There are a number of “have-to” lists in Paris, places where people just have to go while they’re here. Often people have limited time, and I hear ya, so I might suggest the departments stores on the Boulevard Haussman, Printempts and Galeries Lafayette (although even since Printemps started charging €1,5 to use the restrooms, I’m inclined to go to the Galeries Lafayette, just on principle.) Some of the well-known chocolatiers and pastry shops have kiosks in those stores, so you can hit the “big names” in one fell swoop. If that’s your thing.
For those wishing to shop on a smaller scale, there’s La Graineterie du Marché at the excellent Marché d’Aligre. It’s the only outdoor market in Paris that’s open every day, except Monday, and in the center of the market, you’ll find José Ferré tending to his lovely, old-fashioned dry goods shop.
Ever since I discovered his épicerie and graineterie, I’ve been a semi-regular customer, since every time I go in, I pick up a bag of beans or flour, then take it home and work on a recipe using it. Seriously, I could spend weeks going back-and-forth…and sometimes, I have!
In addition to an array of dried beans, whole grains, jams, honeys, and flours, José carries many items which could fall into the “Best Of” for France. Hand-packed barquettes of prized fleur de sel de Guérande, Pain d’épices from Dijon, made by Mulot & Petitjean (who claims to make the original), Haricots Tarbais for making cassoulet, and the lovely nut oils from Huilerie J. Lebanc, whose aroma of freshly ground nuts wafts up and hits me in the senses, whenever I twist the top off, making me almost want to take a swig right from the bottle.
I’m really partial to the hazelnut oil, particularly good on spinach salad, and avocado oil, which is good on, well, just about anything. And if you need a basket to haul everything home with, well, he’s got you covered.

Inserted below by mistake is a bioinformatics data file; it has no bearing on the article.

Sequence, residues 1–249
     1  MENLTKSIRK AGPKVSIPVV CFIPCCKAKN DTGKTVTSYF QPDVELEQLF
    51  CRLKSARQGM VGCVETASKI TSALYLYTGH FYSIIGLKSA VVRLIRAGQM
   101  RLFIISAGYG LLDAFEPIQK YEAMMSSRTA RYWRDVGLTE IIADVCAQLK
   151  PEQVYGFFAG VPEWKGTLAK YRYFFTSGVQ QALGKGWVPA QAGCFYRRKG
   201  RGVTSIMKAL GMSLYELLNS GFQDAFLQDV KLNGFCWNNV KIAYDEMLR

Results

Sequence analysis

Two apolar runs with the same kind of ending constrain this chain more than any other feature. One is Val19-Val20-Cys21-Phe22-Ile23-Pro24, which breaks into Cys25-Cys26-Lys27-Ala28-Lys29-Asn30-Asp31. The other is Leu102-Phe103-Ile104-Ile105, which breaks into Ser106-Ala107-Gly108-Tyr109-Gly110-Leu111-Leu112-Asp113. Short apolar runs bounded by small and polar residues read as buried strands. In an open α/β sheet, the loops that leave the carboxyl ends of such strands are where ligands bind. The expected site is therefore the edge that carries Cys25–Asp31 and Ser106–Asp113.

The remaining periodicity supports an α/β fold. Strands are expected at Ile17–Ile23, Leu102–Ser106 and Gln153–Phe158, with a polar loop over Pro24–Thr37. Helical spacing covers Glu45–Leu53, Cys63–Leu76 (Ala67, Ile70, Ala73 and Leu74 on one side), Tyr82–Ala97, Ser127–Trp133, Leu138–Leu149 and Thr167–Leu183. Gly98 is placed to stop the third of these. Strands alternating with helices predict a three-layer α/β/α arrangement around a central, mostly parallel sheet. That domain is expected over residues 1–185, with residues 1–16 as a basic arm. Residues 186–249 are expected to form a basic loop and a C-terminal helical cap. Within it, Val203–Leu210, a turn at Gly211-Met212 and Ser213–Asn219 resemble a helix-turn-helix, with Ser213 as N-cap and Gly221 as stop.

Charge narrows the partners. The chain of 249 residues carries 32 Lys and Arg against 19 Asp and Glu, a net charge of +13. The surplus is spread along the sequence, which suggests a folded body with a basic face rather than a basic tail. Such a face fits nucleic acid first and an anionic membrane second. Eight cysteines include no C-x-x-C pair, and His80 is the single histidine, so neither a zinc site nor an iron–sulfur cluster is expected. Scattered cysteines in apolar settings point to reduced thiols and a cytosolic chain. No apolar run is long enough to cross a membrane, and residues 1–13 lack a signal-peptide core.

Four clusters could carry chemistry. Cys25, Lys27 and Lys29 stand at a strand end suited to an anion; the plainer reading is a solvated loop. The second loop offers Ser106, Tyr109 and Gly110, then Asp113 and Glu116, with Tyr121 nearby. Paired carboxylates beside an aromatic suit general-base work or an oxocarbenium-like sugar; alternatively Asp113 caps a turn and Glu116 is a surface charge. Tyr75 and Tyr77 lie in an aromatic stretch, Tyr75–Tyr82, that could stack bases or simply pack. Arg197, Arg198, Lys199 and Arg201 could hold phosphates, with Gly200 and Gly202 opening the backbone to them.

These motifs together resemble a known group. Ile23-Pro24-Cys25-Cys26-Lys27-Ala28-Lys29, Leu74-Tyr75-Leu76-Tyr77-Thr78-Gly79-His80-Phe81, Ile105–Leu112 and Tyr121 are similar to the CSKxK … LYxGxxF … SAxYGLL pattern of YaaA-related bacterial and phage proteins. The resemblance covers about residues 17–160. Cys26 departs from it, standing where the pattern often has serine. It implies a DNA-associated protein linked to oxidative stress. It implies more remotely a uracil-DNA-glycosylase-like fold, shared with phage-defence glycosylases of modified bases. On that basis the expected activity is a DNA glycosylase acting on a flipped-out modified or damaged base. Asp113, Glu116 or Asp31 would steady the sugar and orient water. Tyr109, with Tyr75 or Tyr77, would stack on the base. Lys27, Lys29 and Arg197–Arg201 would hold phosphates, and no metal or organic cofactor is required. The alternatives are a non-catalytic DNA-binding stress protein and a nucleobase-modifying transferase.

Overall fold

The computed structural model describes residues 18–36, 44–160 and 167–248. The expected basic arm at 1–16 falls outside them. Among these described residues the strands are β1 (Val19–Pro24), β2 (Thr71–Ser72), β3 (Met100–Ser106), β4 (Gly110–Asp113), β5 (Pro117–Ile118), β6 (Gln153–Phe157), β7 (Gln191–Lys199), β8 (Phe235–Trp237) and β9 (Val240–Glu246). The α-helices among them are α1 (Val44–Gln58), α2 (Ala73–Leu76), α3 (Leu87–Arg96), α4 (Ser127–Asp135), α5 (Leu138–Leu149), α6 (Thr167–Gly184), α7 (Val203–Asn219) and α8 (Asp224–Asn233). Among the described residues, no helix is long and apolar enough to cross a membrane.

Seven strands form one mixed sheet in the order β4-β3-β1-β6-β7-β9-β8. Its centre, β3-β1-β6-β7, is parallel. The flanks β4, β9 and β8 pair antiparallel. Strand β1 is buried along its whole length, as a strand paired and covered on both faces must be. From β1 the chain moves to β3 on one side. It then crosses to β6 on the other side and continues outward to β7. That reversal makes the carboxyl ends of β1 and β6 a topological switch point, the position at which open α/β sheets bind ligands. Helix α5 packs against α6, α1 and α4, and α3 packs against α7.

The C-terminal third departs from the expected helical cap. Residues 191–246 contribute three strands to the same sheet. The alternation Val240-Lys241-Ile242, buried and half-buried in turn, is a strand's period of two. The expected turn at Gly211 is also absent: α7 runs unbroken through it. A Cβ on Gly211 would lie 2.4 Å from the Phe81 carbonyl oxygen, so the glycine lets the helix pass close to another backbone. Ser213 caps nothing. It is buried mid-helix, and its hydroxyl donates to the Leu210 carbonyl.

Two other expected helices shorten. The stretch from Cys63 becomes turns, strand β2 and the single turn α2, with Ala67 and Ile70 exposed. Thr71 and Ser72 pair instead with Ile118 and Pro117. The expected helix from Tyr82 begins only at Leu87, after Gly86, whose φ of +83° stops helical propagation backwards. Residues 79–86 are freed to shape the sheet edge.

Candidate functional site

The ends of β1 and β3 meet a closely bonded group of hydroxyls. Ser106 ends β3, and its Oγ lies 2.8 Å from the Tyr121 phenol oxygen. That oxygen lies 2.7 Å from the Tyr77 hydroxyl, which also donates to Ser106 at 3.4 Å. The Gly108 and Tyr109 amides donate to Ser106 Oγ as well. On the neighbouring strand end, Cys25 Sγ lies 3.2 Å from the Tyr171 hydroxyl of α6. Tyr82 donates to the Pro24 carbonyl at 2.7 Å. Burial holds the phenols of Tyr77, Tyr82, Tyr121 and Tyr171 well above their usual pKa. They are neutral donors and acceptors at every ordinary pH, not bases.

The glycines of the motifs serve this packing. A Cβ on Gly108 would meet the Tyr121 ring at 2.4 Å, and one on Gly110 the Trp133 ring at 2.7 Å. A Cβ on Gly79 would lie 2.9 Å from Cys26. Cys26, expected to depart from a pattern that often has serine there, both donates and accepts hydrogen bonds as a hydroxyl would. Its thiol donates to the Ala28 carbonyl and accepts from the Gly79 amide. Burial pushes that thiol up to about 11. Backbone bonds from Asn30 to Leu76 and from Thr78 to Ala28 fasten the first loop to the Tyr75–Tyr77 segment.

There are colorful tins of preserved fish, from La Belle-Iloise in Brittany. I love those colorful tins and they make great gifts, although some of the flavors are kind of wacky. Spiced prunes and tuna anyone? So give those to friends, and keep the sardines packed in salted butter for yourself.
Out front are pots of tomatoes and fresh herbs, as well as cayenne pepper plants (#want), which can be part of just about any urban garden.
For those fortunate to have garden space in Paris, after you invite me to your next barbeque – and I’m expecting a big heirloom tomato salad, and corn-on-the-cob, too – you can pick up various seeds and plants.
Or for those true do-it-yourselfers, there are lots of seeds in the back of the shop, which is stocked with gardening tools, enameled cookware, and that sound of nature you’ll hear back there isn’t a recording – there are birds chirping away. So put La Graineterie du Marché on your list, where you’ll find plenty of foods to stock your own nest with.
La Graineterie du Marché
8, Place Aligre (12th)
Tél: 01 43 43 22 64
Tuesday- Sunday 9am – 1pm
Tuesday – Saturday 4pm – 7pm
Métro: Ledru-Rollin or Faidherbe-Chaligny